- Mountain View Animal Hosp
At Home Dental Hygiene
By Dr. Alissa Stichler, DVM
Gold Standard: Brushing teeth
It is recommended to use a canine or feline toothbrush as they conform to a pet's mouth and teeth. You can use a human toothbrush but you will probably find it difficult to manipulate in the pet's mouth. Never use a human toothpaste for a pet as these contain sudsing agents (people like to see foam when they brush their teeth) which are not meant to be swallowed in quantity. Animal toothpastes come in special flavors (chicken, seafood, and malt) in addition to the more human-appreciated vanilla mint and all are expected to be swallowed.
Finger brushes are available and are smaller for puppies and kittens.
Studies have shown that brushing three times a week was adequate to maintain healthy teeth and gums but daily brushing was needed to control existing gingivitis.
Do's and Don'ts of Brushing your Pet's Teeth
Don't use human toothpaste on your pet.
Do use a toothbrush without any paste at first so that your pet may get used to the object in the mouth before having to contend with flavor.
Don't attempt to clean the inner surface of your pet's teeth. Natural saliva cleans this surface on its own.
Do try to perform dental home care at least once daily.
Don't perform dental home care during the first week after a full dentistry in the hospital as your pet's gums may be tender.
Don't consider dental home care as an alternative to full dental cleaning if your pet has more advanced dental disease.
Other dental products
Dental Wipes, Rinses and Pads
Some animals, especially those with tender gums, will not tolerate brushing but are more amenable to disinfecting wipes or pads. These products will wipe off plaque deposits from the surface of the tooth and, though they lack the ability to pick food particles out of the gum socket, they are probably the next best thing to brushing and, like brushing, these products are best used daily.
OraVet® Plaque Preventive Gel or Chews
These products address the convenience factor of pet dental care. Doing anything in a pet’s mouth daily year after year is a difficult habit for most people to establish. We have enough trouble taking care of our own teeth. Oravet is a wax-like substance applied once a week to the outer surface of the teeth with a swab (though it can be used even daily for pets with particularly bad gingivitis). Oravet prevents plaque from attaching to the tooth and provides a helpful mode of dental care on an easy to follow schedule. The dual-action approach of OraVet Chews doesn’t just clean teeth and freshen breath. It creates a barrier to help protect against plaque, calculus, and bad breath.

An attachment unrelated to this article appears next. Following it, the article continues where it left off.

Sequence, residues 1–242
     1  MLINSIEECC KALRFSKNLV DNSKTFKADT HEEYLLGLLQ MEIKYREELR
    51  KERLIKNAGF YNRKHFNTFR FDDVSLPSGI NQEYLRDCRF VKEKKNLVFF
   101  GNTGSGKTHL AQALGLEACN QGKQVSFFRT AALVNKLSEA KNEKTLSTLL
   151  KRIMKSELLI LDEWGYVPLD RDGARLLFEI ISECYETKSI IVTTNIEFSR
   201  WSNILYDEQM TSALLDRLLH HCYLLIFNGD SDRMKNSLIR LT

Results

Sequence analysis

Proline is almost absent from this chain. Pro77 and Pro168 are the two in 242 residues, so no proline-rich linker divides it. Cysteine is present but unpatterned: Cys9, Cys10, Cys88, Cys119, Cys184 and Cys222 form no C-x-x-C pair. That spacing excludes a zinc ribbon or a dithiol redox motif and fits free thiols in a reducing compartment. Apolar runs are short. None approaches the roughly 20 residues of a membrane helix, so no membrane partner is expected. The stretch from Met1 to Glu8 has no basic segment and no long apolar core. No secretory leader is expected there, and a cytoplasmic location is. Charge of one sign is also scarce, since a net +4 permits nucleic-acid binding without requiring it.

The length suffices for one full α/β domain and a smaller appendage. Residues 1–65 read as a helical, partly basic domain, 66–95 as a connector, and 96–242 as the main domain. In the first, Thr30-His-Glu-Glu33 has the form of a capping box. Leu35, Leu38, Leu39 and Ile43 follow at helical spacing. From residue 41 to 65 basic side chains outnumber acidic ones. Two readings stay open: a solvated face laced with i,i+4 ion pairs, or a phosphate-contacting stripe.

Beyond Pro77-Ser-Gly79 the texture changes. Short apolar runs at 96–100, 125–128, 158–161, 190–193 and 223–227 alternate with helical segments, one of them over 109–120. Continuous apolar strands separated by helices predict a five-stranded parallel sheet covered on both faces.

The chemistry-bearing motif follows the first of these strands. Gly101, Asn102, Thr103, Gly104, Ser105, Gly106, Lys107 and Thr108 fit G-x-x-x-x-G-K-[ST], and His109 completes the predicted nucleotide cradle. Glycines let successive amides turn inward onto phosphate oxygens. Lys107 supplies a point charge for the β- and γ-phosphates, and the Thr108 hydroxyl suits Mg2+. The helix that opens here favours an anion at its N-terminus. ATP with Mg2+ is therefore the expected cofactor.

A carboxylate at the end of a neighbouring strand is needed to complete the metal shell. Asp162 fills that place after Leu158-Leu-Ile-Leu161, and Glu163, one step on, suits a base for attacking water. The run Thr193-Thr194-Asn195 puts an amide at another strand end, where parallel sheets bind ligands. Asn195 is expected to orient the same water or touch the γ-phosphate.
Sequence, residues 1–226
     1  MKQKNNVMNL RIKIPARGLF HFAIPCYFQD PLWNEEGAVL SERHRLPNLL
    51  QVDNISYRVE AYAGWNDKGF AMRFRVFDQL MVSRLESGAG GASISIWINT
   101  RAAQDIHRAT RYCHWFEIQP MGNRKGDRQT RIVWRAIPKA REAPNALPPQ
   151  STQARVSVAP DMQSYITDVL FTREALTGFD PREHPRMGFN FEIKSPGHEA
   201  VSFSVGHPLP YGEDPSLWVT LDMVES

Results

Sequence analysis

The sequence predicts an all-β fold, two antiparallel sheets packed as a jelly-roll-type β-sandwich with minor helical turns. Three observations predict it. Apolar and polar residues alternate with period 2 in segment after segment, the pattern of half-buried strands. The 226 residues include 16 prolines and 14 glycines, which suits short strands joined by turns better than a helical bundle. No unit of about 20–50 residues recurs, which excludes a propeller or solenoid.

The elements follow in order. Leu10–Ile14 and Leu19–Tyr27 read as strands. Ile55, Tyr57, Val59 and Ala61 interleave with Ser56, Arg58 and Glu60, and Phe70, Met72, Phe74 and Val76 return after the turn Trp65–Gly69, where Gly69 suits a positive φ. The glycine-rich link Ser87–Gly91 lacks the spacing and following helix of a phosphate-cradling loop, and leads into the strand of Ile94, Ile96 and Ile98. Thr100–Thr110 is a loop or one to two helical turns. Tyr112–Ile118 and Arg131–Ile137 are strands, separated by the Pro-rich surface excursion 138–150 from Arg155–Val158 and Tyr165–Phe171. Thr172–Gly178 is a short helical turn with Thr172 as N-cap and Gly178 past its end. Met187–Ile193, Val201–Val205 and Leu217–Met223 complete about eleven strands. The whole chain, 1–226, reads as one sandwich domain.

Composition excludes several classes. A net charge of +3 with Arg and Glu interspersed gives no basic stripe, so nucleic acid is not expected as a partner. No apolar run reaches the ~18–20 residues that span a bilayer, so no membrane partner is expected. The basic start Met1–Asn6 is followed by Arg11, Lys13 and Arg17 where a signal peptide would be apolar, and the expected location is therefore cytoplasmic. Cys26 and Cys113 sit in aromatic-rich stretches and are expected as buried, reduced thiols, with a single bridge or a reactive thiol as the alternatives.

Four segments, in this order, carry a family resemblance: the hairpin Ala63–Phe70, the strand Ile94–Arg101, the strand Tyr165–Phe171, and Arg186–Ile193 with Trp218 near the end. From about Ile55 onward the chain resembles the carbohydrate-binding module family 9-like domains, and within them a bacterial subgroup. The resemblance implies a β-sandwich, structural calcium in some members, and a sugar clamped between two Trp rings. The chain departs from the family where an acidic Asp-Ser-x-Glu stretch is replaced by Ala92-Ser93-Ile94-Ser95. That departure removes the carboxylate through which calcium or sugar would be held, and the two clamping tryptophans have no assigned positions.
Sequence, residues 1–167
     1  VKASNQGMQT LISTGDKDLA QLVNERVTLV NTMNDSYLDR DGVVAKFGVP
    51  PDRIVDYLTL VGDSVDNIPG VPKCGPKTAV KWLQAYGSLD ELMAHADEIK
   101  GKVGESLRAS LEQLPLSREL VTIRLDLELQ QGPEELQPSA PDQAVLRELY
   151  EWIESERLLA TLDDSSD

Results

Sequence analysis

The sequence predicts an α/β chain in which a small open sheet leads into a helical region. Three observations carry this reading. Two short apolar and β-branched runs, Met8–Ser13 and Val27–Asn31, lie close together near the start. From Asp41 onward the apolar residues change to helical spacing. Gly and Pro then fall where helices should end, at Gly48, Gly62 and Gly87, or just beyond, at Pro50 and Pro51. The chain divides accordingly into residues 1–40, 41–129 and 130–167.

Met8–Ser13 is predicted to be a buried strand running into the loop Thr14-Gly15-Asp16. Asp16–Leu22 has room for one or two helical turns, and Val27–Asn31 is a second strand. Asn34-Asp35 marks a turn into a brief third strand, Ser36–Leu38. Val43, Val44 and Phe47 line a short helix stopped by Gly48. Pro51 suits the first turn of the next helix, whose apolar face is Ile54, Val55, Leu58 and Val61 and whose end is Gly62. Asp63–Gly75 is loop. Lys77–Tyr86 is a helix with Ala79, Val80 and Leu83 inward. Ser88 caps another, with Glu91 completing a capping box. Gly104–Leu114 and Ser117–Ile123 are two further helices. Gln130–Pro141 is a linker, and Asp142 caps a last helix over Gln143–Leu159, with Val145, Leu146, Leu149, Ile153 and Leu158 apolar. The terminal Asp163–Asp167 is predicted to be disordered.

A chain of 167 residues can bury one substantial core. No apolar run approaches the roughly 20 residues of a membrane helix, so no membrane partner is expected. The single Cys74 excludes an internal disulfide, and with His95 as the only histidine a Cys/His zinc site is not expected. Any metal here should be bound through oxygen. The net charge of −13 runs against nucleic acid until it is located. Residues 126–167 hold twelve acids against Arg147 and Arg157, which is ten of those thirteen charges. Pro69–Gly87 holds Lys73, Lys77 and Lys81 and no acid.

For many people, doing anything inside their pet’s mouth on a regular basis is simply never going to happen. Fortunately, all is not lost: chewing on a proper dental chew daily can substantially reduce plaque and tartar by up to 69%. Chews should be used daily in order to achieve these results; occasional use is not going to be helpful and the dog must actually chew on the treat.
Dental chews must be the proper size for the dog in question to avoid a choking hazard and can have sophisticated additional ingredients. Examples include ingredients to prevent mineralization of plaque (i.e. hexametaphosphate in C.E.T. Dentahex chews) or to prevent future plaque attachment after current plaque is rubbed off (delmopinol in Oravet brand chews), and green chlorophyll to help with bad breath.
Considerations: Use your judgment with chew toys. A chew can be readily swallowed in a large chunk and lead to intestinal obstruction. A pet with diseased teeth may break teeth on a hard chew. Cow hooves and bones are not appropriate chew toys as they are too hard and readily break teeth.